What does Kevin Labanc have in common with Connor McDavid and Auston Matthews?
They’re all in the NHL’s top-10 in points per 60 at 5-on-4.
It’s a key reason why Labanc has maintained his position on the San Jose Sharks’ top power play unit, ahead of more celebrated stars like Erik Karlsson, Joe Thornton and Evander Kane.
The right-hander usually mans the right half-wall on the man advantage:
This is a little unusual, as oftentimes, you want a left shot on the right side, or the off-wing. Being a leftie on the right wing means your stick blade is closer to the middle of the ice, which is conducive for shooting and one-timers.
Being a rightie on the right wing has its advantages, though. According to Labanc, “Playing on the right side, I can protect and manage it a lot better.”
His stick blade away from the middle of the ice keeps the puck away from swiping defenders.
“You always have the puck prepped, ready to make a pass,” said Labanc.
“He’s a gifted power play guy. He’s elite in that area,” Peter DeBoer acknowledged. “All the stats, all the analytics point to that.”
Besides ranking 10th in the league with 7.12 individual points per 60 at 5-on-4 (of 240 skaters, 100+ minutes at 5-on-4), Labanc appears to be helping drive team success on the man-advantage. His 72.08 scoring chances for per 60 at 5-on-4 is seventh in the NHL and leads San Jose. Meanwhile, his 10.11 goals for per 60 at 5-on-4 is second only to Tomas Hertl on the Sharks.
So what makes Labanc elite on the power play?
No less than Joe Thornton pointed out, “He’s very patient. He just slows down the game when he has the puck. His vision is incredible on the PP.”
When Thornton, he of 1,055 career assists, compliments your work on the man-advantage, it’s, well, a jumbo-sized compliment.
For his part, Labanc says he’s learned much from the maestro.
“There are moments when the speed of the game slows down. When you find those moments, that’s when you take advantage of it.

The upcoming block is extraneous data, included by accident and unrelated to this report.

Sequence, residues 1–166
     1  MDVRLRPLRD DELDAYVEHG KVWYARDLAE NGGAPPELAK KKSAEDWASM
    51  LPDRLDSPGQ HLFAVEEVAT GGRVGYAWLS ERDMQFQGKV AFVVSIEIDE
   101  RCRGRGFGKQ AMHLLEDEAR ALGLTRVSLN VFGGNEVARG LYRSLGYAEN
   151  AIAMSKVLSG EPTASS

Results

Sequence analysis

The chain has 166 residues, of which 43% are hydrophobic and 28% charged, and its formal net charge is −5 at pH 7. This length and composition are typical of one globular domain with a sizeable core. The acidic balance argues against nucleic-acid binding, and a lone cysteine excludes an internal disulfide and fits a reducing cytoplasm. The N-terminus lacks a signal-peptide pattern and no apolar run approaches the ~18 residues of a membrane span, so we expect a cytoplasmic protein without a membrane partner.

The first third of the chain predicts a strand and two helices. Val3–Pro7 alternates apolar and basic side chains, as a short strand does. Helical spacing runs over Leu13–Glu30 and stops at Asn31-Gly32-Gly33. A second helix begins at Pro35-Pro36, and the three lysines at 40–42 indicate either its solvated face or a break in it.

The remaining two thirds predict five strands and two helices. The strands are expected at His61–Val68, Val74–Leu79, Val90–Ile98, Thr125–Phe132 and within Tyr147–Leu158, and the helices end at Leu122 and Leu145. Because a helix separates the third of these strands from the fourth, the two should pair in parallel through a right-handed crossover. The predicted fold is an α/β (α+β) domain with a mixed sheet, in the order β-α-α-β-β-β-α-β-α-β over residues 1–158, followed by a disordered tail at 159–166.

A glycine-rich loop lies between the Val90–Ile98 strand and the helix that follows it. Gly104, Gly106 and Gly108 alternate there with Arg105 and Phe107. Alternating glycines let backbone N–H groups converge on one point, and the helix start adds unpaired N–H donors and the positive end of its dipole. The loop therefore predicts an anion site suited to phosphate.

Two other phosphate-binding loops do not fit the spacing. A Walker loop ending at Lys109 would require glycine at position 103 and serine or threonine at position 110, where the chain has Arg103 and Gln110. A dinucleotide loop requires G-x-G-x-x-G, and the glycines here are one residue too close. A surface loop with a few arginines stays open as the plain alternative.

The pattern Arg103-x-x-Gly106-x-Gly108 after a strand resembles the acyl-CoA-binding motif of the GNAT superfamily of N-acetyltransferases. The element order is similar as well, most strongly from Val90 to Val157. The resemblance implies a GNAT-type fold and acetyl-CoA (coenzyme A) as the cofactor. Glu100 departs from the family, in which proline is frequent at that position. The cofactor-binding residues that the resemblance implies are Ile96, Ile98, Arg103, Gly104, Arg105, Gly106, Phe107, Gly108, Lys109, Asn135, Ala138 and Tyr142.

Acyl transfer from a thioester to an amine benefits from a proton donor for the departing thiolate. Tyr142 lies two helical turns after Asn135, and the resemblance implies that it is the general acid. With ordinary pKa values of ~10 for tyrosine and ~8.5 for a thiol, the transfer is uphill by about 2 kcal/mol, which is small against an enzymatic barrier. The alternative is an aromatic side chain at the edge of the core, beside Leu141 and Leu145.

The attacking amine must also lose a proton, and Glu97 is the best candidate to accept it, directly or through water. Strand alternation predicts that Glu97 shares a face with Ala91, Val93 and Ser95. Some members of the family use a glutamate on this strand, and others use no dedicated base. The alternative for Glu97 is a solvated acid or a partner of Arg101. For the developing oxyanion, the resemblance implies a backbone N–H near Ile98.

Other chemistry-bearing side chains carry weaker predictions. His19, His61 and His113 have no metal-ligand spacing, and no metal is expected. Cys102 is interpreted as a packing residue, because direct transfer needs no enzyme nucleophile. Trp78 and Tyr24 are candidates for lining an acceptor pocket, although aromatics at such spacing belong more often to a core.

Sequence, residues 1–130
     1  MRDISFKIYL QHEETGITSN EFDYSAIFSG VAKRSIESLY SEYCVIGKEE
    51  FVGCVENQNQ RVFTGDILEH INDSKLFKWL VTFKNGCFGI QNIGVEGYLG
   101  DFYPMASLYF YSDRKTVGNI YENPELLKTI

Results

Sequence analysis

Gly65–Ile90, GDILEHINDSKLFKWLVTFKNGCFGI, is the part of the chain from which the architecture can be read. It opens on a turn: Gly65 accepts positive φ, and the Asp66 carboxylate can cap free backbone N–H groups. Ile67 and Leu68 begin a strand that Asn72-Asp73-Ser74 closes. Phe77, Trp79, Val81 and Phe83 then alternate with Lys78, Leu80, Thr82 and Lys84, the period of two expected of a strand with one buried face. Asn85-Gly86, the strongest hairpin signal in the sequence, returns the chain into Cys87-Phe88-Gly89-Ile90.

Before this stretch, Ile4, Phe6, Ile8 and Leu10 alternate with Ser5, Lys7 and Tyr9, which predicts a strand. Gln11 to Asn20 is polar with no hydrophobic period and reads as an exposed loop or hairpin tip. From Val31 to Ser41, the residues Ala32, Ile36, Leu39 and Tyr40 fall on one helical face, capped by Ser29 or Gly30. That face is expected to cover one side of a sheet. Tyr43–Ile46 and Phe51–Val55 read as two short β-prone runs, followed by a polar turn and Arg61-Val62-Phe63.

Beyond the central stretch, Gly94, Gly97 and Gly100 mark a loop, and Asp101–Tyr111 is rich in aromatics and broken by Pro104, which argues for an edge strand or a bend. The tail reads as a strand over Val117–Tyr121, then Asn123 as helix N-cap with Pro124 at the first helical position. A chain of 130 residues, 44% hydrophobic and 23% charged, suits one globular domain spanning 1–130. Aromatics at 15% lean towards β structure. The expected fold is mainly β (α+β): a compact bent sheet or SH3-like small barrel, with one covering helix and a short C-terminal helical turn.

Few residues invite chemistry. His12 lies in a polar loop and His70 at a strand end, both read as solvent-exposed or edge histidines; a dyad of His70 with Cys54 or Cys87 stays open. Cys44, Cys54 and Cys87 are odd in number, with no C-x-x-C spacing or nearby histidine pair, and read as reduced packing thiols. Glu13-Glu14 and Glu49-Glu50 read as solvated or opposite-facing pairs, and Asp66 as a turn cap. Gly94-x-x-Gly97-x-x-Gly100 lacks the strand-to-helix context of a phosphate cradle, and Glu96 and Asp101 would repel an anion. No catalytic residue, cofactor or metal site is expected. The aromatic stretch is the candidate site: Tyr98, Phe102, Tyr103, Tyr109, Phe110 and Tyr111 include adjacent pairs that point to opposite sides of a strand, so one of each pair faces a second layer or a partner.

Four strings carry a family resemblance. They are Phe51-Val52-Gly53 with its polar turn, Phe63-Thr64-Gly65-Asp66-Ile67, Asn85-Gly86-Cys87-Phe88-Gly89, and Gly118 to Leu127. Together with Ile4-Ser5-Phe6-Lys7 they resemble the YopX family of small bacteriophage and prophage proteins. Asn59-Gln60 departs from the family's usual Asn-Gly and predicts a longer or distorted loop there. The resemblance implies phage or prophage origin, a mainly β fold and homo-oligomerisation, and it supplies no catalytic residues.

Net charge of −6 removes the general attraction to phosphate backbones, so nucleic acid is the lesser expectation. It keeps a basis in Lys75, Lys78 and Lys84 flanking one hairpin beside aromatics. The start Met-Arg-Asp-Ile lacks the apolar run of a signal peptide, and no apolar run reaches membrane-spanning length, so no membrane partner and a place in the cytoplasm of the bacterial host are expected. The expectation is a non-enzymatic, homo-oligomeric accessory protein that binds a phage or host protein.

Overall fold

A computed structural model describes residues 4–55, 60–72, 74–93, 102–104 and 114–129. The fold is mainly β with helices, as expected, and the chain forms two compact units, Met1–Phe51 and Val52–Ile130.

“Jumbo takes that to the next level. You have to be quick, but not in a hurry. That’s one of things I learned from watching him.”
Labanc (62) crosses the blueline, but unusually, he stops there to review his options. Carl Soderberg (34) charges him, trying to take away Labanc’s immediate option on the right, Logan Couture (39). Calmly, seeing open space to his left, Labanc slides over there, leaving Soderberg sputtering behind.
Taking one penalty killer out of the play, Labanc has opened up a wealth of time and space for himself and his teammates.
Beyond patience and vision, disguising your intentions are key on the man advantage:
The most noteworthy sleight of hand here, of course, was Labanc’s pass to Pavelski, but the winger’s deception began well before that.
Couture goes low to high to Labanc at the point. On reception of the pass, Labanc throws a subtle shoulder fake. Soderberg bites hard, attacking the other point, an off-screen Brent Burns, because that’s where he thinks the puck is going.
“He has very good deception,” DeBoer noted.
As Labanc walks down, he’s looking straight at Semyon Varlamov. Ian Cole (28), thinking shot, goes down.
“You don’t know if he’s shooting or passing,” said DeBoer.
Vision, patience and deception. But there’s more: Labanc places the pass just under Sheldon Dries’s (15) stick and in Pavelski’s (8) wheelhouse. The execution here is all important, if the pass is behind or in front of Pavelski, Varlamov has a ghost of a chance to recover.
However, being a terrific passer on the power play isn’t enough. You must also own a dangerous shot, be a valid double-threat. Even a pass-first playmaker like Thornton is capable of beating a goalie one on one. In this regard, Labanc is no different.
“He’s got a great shot as well,” asserted Brenden Dillon, who gets to defend Labanc at practice. “One of those dual-threat guys.”
There are many skaters, of course, who can pull off such highlight-reel plays from time to time. But what keeps somebody on a top power play unit, especially on a squad as loaded as the Sharks’, is consistent brilliance.
“It’s a credit to Banker and what he’s been able to accomplish,” Dillon said. “There are a lot of players vying for only two minutes of ice.”